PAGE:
And there you have it.  Knitting and crochet patterns you will want to make and wear.

What do you think?

Is This The Death of Creative Education?

Something that you may or may not know about me is that I have recently taken on the role of school governor, well, we are actually called Directors at this school.  It was a decision I made because of the wonderful work they had done with my son who has autism, because my daughter was joining Year 7, I had a little spare time and I thought it would be nice to give something back.  I only attended my first board meeting in December but so far I am enjoying the role.  I have been asked to have responsibility for Food Technology and Textiles, two subjects I would like to think I know a thing or two about!

Yesterday I went into school to meet with the Director of Learning for the Technology Department, or in other words, the Head of Department.   The meeting didn’t get off to the best of starts considering they couldn’t find the lady for half an hour and then she left me waiting a further 20 minutes!  Eventually she collected me and we had a tour around the technology department.  Some very large Year 11 children were busy at work, both in the kitchens cooking for a GCSE assessment, and also in the workshops where there was lots of cutting, hammering and welding going on.  But the textiles rooms?  Deserted.  The walls were half bare too.  I was shocked and saddened to hear that not one single child had chosen textiles as one of their options.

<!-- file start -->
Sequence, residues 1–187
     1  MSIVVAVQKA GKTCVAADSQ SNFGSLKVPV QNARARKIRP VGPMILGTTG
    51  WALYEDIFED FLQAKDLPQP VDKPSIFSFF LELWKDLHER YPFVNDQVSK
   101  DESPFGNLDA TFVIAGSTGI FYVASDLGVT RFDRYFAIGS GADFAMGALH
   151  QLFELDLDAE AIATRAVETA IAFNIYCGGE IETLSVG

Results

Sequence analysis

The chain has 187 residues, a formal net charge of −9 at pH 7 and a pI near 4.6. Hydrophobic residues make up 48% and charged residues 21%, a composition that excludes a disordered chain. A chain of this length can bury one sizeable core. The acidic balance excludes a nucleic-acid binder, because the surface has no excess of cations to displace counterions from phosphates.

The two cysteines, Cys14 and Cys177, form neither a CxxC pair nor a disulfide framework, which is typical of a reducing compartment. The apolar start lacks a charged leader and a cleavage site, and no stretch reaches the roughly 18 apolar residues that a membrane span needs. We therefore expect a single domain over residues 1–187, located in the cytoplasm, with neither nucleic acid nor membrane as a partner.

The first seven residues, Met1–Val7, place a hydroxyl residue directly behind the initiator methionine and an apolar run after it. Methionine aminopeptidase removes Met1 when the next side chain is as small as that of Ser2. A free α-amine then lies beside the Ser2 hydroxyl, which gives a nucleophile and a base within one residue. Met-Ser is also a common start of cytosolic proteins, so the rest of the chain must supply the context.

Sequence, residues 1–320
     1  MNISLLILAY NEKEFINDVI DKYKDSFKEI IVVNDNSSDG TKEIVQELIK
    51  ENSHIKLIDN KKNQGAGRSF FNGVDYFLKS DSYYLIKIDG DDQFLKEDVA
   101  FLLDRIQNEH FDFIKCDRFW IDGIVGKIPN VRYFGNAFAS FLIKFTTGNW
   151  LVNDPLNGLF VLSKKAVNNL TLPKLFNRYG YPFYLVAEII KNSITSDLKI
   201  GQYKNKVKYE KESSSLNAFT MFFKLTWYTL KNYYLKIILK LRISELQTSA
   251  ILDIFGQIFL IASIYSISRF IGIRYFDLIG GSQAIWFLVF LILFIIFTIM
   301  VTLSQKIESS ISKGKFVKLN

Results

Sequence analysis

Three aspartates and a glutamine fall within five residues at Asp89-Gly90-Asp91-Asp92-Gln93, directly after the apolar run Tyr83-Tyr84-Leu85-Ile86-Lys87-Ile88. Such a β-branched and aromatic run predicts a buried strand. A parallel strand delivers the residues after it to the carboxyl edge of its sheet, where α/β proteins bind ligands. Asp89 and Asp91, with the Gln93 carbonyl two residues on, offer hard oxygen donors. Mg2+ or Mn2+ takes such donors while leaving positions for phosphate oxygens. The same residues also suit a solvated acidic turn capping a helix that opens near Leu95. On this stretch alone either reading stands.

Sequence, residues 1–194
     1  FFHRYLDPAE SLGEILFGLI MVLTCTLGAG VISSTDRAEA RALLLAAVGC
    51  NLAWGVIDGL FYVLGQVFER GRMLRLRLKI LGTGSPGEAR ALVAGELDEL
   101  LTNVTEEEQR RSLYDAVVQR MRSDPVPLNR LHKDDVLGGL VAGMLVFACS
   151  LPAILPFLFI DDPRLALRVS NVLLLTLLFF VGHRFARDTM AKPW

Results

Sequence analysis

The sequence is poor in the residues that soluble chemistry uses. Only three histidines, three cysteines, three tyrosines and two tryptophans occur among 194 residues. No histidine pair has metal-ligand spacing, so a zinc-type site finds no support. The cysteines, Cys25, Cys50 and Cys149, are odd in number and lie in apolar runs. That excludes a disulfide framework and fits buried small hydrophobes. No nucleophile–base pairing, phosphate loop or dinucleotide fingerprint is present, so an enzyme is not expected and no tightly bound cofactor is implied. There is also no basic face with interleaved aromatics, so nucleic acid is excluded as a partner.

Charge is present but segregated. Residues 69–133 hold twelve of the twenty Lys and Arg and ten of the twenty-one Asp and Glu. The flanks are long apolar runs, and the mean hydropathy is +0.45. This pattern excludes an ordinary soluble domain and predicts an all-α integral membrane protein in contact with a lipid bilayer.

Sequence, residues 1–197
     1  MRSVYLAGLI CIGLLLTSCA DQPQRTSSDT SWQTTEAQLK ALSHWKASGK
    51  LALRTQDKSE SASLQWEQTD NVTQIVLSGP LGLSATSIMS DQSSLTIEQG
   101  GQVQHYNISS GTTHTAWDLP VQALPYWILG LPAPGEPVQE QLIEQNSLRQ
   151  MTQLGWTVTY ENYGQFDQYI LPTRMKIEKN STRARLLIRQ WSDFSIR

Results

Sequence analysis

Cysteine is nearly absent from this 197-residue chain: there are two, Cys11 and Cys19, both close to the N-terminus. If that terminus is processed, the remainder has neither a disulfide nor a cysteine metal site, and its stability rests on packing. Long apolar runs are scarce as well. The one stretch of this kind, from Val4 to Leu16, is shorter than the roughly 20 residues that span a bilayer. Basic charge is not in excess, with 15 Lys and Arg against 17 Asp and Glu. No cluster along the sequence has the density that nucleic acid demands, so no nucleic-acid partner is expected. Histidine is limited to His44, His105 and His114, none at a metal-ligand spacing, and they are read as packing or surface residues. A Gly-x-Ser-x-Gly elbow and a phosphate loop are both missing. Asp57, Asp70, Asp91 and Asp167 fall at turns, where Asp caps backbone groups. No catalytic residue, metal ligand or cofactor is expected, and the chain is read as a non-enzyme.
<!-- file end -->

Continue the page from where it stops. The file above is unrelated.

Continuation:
Apparently one of the reasons for this could be that the project they complete in Year 9 before they choose their GCSEs is not exactly enthusing the children.  They make a bag in Year 7, a cushion cover in Year 8 but in Year 9 they make a fabric postcard which even the staff admit isn’t very interesting.  Why can’t we offer them something like a simple quilting project which can be VERY addictive?  So I decided to look into this further.

Simply by doing a Google search I found a few articles and papers written about the decline in creative subjects within schools.  Primary children get very little chance to make things, as evidenced by a lesson I taught as a supply teacher recently where not one Year 4 child in a class of 29 knew what to do when I gave them a needle and thread!

One of the best articles I read on this was by the Guardian,  in which it is clear that Educational policy is one of the reasons for the decline.  A few years ago the EBac was introduced which placed a greater emphasis on ‘academic’ subjects rather than those that are more artistic and creative.  GCSEs have recently gone through change from being all about getting ‘5GCSEs at A* – C including English and Maths’ to a ‘Best 8’ system which turns grades into numbers and gives a student an average points score similar to the American system.